As many of you have heard by now, Equifax, one of the big 3 consumer credit reporting agencies is engulfed in a massive data security breach that affects close to 140 million consumers in the United States.
According to multiple outlets malicious actors gained access to Equifax consumer data in mid-May and Equifax hadn’t discovered the breach until July 29th. According to Equifax and other security consultants, the attackers exploited a weak point in Equifax’s website software. In addition to the other material that was compromised, the attackers were also able to acquire names, birth dates, and addresses. Credit card numbers for 209,000 consumers were stolen, while documents with personal information used in disputes for 182,000 people were also poached.
This incident once again highlights the problems of large repositories of centralized data storage: They create massive incentives for attackers to exploit vulnerabilities and these centralized honey pots of data are large single points of failures. By exploiting just one tiny website vulnerability, attackers were able to steal a plethora of valuable information from millions of people. Just one small vulnerability in a large, systemically important financial institution has an extremely negative impact on a large swath of people. The attackers are now reportedly selling this information on dark markets for criminals to sift through and take advantage of millions of unsuspecting people.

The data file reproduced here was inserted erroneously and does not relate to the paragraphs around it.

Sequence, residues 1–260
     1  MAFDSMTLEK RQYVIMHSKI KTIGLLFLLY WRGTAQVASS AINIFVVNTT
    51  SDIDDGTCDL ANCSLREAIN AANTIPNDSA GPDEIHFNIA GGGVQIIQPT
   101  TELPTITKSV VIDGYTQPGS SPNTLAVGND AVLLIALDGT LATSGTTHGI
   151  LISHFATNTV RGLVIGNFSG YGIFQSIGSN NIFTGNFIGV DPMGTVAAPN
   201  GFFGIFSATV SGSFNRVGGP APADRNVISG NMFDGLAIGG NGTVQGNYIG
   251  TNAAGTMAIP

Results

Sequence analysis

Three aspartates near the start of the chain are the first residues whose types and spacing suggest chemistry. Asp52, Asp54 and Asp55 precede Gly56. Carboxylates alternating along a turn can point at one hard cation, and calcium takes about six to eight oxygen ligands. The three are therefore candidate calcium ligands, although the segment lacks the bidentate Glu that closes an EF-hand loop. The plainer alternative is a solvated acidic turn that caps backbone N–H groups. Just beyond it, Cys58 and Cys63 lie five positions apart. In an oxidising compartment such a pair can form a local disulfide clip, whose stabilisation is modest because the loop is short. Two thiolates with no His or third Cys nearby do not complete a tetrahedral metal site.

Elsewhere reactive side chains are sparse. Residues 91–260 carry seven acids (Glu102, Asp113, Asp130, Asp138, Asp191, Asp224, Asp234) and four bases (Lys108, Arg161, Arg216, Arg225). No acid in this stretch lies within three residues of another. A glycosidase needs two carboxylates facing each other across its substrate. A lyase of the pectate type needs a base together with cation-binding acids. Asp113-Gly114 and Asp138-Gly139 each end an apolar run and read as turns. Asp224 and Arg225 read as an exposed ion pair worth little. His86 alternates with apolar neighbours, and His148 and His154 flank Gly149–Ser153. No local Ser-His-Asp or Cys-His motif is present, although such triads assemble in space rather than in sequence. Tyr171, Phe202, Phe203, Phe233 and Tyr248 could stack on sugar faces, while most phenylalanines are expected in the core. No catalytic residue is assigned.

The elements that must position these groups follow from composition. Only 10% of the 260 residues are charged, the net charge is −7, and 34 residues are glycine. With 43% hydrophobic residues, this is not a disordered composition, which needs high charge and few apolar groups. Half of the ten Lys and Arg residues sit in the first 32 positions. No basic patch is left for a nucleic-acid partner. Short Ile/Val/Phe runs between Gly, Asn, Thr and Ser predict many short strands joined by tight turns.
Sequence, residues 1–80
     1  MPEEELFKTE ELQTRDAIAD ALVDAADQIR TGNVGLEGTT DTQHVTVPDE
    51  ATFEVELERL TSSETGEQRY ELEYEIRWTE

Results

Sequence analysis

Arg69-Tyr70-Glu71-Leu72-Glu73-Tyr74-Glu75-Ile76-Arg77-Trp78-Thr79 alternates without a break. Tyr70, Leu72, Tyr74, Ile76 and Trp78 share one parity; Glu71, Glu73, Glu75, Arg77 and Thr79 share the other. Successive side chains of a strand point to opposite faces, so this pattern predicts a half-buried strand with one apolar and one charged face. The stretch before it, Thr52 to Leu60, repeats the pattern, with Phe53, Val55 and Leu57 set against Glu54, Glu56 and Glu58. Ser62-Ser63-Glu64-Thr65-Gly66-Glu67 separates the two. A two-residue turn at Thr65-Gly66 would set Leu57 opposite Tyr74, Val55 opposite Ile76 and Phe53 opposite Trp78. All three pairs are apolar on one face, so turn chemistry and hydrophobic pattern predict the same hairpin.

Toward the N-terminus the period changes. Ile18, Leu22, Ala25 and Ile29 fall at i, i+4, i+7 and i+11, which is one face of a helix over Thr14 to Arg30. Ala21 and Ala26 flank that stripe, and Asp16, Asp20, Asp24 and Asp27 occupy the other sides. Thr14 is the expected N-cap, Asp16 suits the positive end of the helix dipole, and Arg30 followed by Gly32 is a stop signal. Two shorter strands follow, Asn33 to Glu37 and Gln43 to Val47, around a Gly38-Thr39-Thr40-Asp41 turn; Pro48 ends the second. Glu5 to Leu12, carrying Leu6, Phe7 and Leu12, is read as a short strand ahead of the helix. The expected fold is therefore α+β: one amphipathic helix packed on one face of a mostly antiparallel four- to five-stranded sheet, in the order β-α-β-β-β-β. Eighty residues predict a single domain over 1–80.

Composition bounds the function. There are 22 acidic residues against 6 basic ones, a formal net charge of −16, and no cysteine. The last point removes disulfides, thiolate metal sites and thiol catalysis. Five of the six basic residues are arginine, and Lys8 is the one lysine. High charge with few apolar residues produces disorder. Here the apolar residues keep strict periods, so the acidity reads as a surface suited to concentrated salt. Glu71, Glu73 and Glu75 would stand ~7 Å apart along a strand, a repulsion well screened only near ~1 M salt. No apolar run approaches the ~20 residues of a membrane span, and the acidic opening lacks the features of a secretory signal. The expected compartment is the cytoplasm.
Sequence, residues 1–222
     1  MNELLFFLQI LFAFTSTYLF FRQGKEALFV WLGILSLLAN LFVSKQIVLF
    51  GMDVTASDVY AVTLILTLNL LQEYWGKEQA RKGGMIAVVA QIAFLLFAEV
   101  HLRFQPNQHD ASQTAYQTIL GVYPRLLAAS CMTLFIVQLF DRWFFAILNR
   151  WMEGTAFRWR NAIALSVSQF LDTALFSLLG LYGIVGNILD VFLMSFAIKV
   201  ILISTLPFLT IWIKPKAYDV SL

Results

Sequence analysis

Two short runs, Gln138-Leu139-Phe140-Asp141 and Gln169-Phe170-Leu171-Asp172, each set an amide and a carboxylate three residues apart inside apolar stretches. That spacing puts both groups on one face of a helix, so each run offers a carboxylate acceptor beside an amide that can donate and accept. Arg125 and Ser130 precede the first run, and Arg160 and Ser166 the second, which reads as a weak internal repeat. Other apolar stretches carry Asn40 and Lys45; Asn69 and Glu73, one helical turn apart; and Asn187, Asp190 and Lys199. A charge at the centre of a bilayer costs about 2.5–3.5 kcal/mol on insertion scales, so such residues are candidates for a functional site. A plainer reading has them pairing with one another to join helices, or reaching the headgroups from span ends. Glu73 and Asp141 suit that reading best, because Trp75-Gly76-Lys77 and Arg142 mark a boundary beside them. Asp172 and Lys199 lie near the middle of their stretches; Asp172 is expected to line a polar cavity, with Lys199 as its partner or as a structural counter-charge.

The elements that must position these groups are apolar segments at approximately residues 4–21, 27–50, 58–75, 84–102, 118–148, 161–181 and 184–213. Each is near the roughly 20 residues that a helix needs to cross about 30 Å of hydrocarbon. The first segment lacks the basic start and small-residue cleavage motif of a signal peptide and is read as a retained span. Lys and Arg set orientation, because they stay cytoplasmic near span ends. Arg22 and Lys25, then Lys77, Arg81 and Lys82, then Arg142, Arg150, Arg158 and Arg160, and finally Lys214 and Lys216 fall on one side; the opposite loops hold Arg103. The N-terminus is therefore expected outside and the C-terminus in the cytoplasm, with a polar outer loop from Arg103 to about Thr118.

The solution to these inevitable breaches is not to build thicker walls or bigger walls or even to create better procedures around an ever increasing amount of sensitive data but rather to stop centralizing sensitive personal information. Centralization and massive third parties are the problem. “The Equifax Hack” is just the latest example of a massive problem that permeates our society. Decentralization of data and personal ownership of highly sensitive information is the solution. Edge Security is our implementation of that solution.